How will the parole program for Cubans announced by Biden work?

MIAMI, United States. — The announcement by the U.S. government of a parole program for the safe, legal and orderly entry to the northern country of more than 30,000 Cubans, Haitians and Nicaraguans has generated uncertainty about what the process that applicants must carry out will be.

The United States Citizenship and Immigration Services (USCIS) highlighted that the beneficiaries must be nationals of the aforementioned countries or be an immediate relative (spouse, common-law partner or unmarried child under 21 years of age) of these. They must also have a valid passport for international travel; be outside of the United States; and have a support person who is based in the United States, the so-called sponsor.

It is precisely the “sponsor” who must take the first step for the applicants by submitting Form I-134 (Declaration of Financial Support), before the United States Citizenship and Immigration Service (USCIS), for each citizen or member of the immediate family you seek to support, including minor children. Federal agencies will then review the sponsor to ensure that the sponsor can financially support the citizens on the form.

Who can be the sponsor?

According to USCIS, to serve as a sponsor, the natural or legal person in question must meet the following fundamental requirements:

Legal presence: Be a US citizen, national or lawful permanent resident; have legal status in the United States, such as temporary protected status or asylum; or be on probation or receive deferred action or deferred enforced release.

Criminal record: Pass background and security checks, including for public safety, homeland security, human trafficking, and exploitation concerns

Economic solvency: Demonstrate sufficient financial resources to receive, maintain, and support the person they agree to support for the duration of their probation period.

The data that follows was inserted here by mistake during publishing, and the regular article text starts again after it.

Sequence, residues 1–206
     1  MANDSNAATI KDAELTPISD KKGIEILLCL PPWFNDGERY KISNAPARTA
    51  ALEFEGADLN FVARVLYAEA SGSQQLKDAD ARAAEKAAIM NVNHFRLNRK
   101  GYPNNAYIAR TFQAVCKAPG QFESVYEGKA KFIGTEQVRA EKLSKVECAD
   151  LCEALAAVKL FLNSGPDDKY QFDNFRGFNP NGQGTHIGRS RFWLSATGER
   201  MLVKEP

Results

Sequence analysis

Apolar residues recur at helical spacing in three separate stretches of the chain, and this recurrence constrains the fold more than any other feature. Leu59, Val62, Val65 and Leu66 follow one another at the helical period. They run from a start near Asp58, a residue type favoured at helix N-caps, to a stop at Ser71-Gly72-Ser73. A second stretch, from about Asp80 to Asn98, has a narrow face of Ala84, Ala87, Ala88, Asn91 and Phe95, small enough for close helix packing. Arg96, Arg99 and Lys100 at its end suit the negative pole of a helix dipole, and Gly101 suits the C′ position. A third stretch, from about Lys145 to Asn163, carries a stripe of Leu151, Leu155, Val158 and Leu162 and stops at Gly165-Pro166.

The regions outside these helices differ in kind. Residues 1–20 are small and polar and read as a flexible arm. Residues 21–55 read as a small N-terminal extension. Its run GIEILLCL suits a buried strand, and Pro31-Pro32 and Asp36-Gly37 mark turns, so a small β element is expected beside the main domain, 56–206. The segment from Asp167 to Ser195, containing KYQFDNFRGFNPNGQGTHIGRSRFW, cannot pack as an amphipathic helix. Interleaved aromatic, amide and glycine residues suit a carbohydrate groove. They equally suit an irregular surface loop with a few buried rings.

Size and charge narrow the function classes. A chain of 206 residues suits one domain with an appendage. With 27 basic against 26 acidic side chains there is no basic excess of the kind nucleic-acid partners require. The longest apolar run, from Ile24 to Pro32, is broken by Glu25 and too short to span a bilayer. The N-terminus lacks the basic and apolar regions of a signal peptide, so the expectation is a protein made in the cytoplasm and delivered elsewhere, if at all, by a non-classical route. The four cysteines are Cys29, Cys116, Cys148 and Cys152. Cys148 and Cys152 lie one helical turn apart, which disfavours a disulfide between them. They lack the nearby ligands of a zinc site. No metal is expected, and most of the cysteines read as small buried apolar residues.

USCIS specifies that sponsors filing Form I-134 on behalf of a beneficiary must be willing and able to receive, maintain, and support the beneficiary during their stay on parole.

That federal agency also points out that sponsors must:

  • Meet the beneficiary upon arrival in the United States and transport him to the initial accommodation
  • Ensure that the beneficiary has safe and adequate housing for the duration of their probation and initial basic needs;
  • As appropriate, assist the beneficiary in completing necessary paperwork, such as employment authorization, Social Security card, and services for which they may be eligible
  • Ensure that the beneficiary’s medical and health care needs are met for the duration of probation;
  • As appropriate, help the beneficiary access education, learn English, secure employment, and enroll children in school.

In summary, the key steps established by USCIS to carry out the parole application process are the following:

  • Economic Sponsorship: Fill out Form I-134
  • Send Biographic Information: The beneficiary will receive an email from USCIS with instructions on the next steps.
  • Submit Petition on the CBP One Mobile App
  • Receive Advance Travel Authorization to the United States. After completing the previous step, the beneficiary will receive a notification in their myUSCIS account confirming if CBP (US Customs and Border Protection) will provide them with advance authorization to travel to the United States.
  • Obtain Permit for Temporary Stay at the Port of Entry.
  • Obtain the Temporary Permanence Permit.
  • Obtain the Temporary Permanence Permit.

In a release Published prior to the public appearance of President Joe Biden, the White House issued a statement stating that it was an extension of the same parole process established since last October for citizens of Venezuela.

“Today, the Biden Administration announces that it will expand the successful Venezuela parole process and extend it to nationals of Nicaragua, Haiti and Cuba. Up to 30,000 people a month from these four countries, who have a qualifying sponsor and pass the background check, will be able to come to the United States for a period of two years and receive work authorization. People who cross the border of Panama, Mexico or the United States irregularly after the date of this announcement will not be eligible for the parole process and will be deported to Mexico, which will accept the return of 30,000 people a month from these four countries that do not use these new routes”.

Those interested in thoroughly reviewing the information on the new parole for Cubans, Haitians and Nicaraguans should review the official USCIS website, where the same process developed for Venezuelan citizens is described.

Note: More information in www.uscis.gov/venezuela

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